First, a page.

persblog.be – The World in English suppl. – to MAIN PAGE
persblog.be – Edition 2014.08.04 – Ellen Johnson Sirleaf became first elected female head of state in Africa, notably of Liberia. Originally Liberia was a colony of the US. Born in Liberia and having fled to the US and Kenya, she had an international career before returning to her country.
Born in Monrovia, Liberia in 1938 and having studied at ‘Madison Business College’, Wisconsin, US, and ‘Harvard University’ in Massachusetts, US, Ellen Johnson Sirleaf became first elected female head of state in Africa, notably of Liberia.
History of Liberia. Originally Liberia was a colony of the US, the first to be established by civilians. Historians believe that many of the indigenous peoples of Liberia migrated there from the north and east between the 12th and 16th centuries. Later people were transported to the US as slaves. From around 1800, in the US, people opposed to slavery were planning ways to alleviate the problem. Some abolitionists – a movement to end slavery – and slaveholders discussed the idea of setting up a colony in Africa for freed African-American slaves. The first ship departed in 1820. First a colony of the US, Liberia declared its independence in 1847.
Ellen Johnson Sirleaf. From Wikipedia and biography.com: Ellen Johnson Sirleaf was born in Liberia. Her father was ‘Gola’ and her mother had mixed ‘Kru’ and German ancestry. In 1956, Ellen married James Sirleaf at the age of 17, then traveled with him to the US in 1961, where she continued her studies. Later the couple divorced.
Back in Liberia, being Assistant Minister of Finance in the government, from 1972 to 1973, Ellen Johnson Sirleaf attracted attention with a “bombshell” speech to the Liberian ‘Chamber of Commerce’ that claimed that the country’s corporations were harming the economy by hoarding or sending overseas their profits. She was Minister of Finance from 1979 to 1980.
Then Master Sergeant Samuel Doe, a member of the indigenous ‘Krahn’ ethnic group, seized power by means of a military coup. During that period Ellen Johnson Sirleaf was President of the Liberian ‘Bank for Development and Investment’ for a short while, though she fled the country after publicly criticizing the military leader.
Career. Sirleaf initially moved to Washington, D.C., US, to work for the ‘World Bank’ before moving to Nairobi, Kenya, in 1981 to serve as Vice President of the African Regional Office of ‘Citibank’. and later went to work for ‘Equator Bank’, a subsidiary of HSBC.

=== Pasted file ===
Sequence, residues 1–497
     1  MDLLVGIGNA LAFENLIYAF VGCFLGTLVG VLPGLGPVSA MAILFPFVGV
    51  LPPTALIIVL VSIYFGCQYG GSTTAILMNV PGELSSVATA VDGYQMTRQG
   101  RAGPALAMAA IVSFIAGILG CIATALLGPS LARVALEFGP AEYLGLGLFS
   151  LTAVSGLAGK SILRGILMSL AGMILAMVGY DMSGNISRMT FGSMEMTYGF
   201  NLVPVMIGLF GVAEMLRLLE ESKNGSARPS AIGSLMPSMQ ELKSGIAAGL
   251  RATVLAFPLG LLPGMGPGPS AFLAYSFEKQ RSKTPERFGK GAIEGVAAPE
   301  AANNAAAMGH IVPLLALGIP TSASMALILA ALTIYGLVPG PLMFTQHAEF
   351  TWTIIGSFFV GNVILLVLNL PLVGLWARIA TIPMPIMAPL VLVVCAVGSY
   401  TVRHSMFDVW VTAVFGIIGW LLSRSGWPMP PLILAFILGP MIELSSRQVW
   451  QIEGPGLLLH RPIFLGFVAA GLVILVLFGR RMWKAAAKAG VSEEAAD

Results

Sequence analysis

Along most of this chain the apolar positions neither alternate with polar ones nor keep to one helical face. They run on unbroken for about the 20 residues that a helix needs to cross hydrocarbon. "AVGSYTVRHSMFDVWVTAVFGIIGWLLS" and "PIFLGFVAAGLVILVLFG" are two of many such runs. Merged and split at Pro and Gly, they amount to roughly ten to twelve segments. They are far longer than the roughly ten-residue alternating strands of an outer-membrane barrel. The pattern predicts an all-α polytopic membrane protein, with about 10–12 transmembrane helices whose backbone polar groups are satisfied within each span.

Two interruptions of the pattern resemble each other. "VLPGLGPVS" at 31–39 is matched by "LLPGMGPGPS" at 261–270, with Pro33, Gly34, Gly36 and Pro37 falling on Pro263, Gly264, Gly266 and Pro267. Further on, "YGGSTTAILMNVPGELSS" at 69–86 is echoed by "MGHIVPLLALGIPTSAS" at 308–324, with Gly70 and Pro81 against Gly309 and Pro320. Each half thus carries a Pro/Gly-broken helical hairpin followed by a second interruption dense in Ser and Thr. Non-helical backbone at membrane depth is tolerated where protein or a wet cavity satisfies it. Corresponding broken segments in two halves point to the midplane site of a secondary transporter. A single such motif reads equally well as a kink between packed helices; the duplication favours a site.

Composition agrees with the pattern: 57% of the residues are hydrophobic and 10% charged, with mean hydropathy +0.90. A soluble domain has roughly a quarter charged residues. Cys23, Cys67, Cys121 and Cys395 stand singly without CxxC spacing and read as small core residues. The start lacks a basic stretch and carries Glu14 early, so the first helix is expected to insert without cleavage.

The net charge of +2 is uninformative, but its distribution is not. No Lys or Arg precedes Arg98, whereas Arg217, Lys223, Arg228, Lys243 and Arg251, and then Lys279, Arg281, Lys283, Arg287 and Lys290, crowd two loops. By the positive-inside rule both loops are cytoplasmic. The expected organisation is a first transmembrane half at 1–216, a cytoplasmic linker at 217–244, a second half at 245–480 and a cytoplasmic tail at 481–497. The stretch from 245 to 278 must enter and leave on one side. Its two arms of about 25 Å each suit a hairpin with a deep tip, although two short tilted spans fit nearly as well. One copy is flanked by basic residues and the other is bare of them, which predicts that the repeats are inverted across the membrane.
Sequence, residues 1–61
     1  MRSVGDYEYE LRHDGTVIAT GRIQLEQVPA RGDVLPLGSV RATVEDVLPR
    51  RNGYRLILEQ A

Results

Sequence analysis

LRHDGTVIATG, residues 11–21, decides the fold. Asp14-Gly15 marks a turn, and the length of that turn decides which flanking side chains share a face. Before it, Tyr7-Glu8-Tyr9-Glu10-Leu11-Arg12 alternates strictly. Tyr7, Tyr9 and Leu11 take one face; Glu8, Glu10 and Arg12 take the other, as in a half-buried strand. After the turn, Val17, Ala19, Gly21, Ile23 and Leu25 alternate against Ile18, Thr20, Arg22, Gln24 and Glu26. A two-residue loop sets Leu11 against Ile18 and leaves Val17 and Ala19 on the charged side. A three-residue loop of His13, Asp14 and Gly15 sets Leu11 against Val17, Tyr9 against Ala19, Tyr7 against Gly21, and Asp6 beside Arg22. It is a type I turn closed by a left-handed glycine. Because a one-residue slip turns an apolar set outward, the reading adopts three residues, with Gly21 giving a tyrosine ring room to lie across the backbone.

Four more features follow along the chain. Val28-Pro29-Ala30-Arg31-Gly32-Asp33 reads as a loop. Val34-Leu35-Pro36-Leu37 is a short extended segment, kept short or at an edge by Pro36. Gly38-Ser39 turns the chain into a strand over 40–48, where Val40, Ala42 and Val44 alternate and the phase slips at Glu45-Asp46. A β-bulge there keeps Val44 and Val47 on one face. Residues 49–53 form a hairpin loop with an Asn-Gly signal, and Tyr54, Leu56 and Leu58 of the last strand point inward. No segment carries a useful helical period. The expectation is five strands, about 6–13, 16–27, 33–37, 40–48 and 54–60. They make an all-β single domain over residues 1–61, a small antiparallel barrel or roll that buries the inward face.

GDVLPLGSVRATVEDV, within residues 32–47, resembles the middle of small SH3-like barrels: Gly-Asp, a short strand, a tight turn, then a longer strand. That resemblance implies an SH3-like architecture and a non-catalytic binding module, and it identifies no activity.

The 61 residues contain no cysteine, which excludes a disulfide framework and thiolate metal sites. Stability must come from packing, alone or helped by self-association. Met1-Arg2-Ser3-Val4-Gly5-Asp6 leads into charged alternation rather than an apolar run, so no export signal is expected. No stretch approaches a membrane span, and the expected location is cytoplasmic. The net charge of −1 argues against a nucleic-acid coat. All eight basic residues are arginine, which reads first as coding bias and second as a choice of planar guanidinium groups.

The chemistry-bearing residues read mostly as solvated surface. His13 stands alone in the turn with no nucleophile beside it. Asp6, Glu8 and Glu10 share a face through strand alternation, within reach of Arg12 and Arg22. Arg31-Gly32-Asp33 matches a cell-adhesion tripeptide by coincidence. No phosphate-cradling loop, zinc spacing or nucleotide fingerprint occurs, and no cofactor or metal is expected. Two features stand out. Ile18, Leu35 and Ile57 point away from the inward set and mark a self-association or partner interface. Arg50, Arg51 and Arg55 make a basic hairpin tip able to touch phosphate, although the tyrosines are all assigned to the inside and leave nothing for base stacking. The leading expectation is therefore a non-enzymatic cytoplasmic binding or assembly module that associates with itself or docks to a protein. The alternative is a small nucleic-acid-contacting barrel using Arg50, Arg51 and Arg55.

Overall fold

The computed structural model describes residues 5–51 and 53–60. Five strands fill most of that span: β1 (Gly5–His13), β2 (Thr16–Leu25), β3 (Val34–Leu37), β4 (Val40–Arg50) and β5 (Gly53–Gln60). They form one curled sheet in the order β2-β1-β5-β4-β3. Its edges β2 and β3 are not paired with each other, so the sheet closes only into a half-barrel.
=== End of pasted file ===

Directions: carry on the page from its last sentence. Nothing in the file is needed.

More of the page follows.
In 1992, Sirleaf was appointed as the Director of the UN Development Programme’s Regional Bureau for Africa (UNDP), from which she resigned in 1997 to run for president in Liberia. During her time at the UN, she was one of the seven internationally eminent persons designated in 1999 by the ‘Organization of African Unity’ to investigate the ‘Rwandan genocide’.
“Be not afraid to demand peace”. Ellen Johnson Sirleaf was awarded the 2011 Nobel Peace Prize, jointly with Liberian peace activist Leymah Gbowee and journalist-activist Tawakel Karman of Yemen. The women were recognized “for their non-violent struggle for the safety of women and for women’s rights to full participation in peace-building work.”
According to ventures-africa.com she later regretted having been a fundraiser for Charles Taylor, the former Liberian President, imprisoned for war crimes and crimes against humanity, who’s war efforts against Master Sergeant Samuel Doe led to the first Liberian Civil War.
The second Liberian Civil War ended in 2003. Back then, few analysts would have predicted that the star on Liberian flag and the stardom of Mrs. Sirleaf would shine so bright again.
She became Head of one of Africa’s and the world’s most corrupt states.
“More than 65% of the population is under the age of 30. Their employment and education prospects are low and disastrous for the long-term prospect of the country. True figures remain opaque but estimates of unemployment go as high as 80% for those under the age of 30. Increased prostitution and youth violence underscore these concerns.”
In biography.com one can find one of her famous quotes: “Be not afraid to denounce injustice, though you may be outnumbered. Be not afraid to seek peace, even if your voice may be small. Be not afraid to demand peace.” F.D.